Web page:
Suicide bombings at checkpoints in Baghdad and south Iraq claimed by the so-called Islamic State militant group have killed at least 35 people and wounded dozens more, officials said this morning.
The bombings, which happened night, came as Iraqi forces battle IS in Mosul in a massive operation launched more than seven months ago to retake the country's second city from the jihadists.
In Baghdad, suicide car bombers attacked in the area of a checkpoint in the city's southern Abu Dsheer area, killing 24 people and wounding 20, Brigadier General Saad Maan told AFP.
Security forces were able to kill one of the attackers, but the second blew up his car bomb, Mr Maan said.
IS issued a statement claiming the attack but gave a different account of how it unfolded, saying that one militant clashed with security forces using a light weapon before detonating an explosive belt, after which a second blew up a car bomb.
In south Iraq, a suicide bomber blew up an explosives-rigged vehicle at a checkpoint on the outskirts of the city of Basra, killing 11 people and wounding 30, according to Riyadh Abdulamir, the head of Basra province health department.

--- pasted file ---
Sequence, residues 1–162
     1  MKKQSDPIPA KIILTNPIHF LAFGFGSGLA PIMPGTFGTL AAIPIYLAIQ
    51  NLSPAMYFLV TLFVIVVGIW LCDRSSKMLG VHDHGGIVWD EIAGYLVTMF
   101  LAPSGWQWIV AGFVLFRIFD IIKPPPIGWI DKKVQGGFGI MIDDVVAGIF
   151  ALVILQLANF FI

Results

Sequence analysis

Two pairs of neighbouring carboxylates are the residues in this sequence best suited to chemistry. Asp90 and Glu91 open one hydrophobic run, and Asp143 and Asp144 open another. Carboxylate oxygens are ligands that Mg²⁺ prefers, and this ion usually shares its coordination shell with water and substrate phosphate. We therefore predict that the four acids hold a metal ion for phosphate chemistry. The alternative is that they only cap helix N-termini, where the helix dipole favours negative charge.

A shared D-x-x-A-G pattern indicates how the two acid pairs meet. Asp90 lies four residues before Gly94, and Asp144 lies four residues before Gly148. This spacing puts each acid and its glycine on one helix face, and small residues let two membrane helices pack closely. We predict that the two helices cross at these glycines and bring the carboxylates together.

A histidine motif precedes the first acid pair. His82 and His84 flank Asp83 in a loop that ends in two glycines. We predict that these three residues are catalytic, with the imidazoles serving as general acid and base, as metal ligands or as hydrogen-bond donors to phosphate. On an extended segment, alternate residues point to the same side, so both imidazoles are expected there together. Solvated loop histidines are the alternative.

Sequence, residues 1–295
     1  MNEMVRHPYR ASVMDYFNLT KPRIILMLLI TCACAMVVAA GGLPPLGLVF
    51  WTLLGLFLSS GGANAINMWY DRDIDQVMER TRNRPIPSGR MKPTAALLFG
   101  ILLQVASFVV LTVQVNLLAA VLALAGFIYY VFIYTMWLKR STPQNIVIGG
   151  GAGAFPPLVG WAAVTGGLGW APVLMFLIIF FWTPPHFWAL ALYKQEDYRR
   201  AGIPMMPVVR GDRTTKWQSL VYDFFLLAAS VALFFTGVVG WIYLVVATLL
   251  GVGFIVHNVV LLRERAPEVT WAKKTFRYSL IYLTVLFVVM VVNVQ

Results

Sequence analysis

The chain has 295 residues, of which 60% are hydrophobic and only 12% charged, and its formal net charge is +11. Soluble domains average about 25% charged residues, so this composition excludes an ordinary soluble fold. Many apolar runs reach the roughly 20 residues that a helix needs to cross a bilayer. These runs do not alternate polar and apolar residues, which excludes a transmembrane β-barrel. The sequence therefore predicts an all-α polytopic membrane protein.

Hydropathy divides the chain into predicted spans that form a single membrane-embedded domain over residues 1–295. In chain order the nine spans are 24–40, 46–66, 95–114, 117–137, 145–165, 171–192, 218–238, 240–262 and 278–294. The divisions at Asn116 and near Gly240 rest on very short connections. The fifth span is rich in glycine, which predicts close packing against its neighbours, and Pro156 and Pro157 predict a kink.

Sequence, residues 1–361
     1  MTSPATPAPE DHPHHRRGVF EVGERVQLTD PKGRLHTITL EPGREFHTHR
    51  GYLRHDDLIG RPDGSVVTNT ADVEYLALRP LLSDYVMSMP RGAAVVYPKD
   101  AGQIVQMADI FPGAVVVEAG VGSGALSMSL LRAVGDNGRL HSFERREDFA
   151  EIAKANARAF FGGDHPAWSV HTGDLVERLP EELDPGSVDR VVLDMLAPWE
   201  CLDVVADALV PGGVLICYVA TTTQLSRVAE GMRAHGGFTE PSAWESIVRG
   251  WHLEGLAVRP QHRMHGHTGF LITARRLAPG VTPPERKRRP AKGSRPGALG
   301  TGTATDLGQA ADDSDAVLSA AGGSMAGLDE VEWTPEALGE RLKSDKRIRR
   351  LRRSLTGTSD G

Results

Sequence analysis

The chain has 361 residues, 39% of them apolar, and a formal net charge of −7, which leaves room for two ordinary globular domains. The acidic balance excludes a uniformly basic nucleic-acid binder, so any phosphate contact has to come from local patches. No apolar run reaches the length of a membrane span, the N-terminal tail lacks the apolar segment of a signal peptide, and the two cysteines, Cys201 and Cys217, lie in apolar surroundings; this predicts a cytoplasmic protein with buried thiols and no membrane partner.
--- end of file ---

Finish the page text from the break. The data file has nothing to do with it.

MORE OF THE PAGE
Another militant who left a second explosives-rigged vehicle was killed by security forces, the Basra Operations Command said.
IS also claimed the Basra attack, but said that both bombs were successfully detonated.
The jihadist group overran large areas north and west of Baghdad in 2014, but Iraqi forces backed by US-led air strikes have since recaptured much of the territory they lost to the jihadists.
After recapturing the cities of Tikrit, Ramadi and Fallujah, Iraqi forces launched an operation to retake Mosul -- at the time the largest population centre still in IS hands -- last October.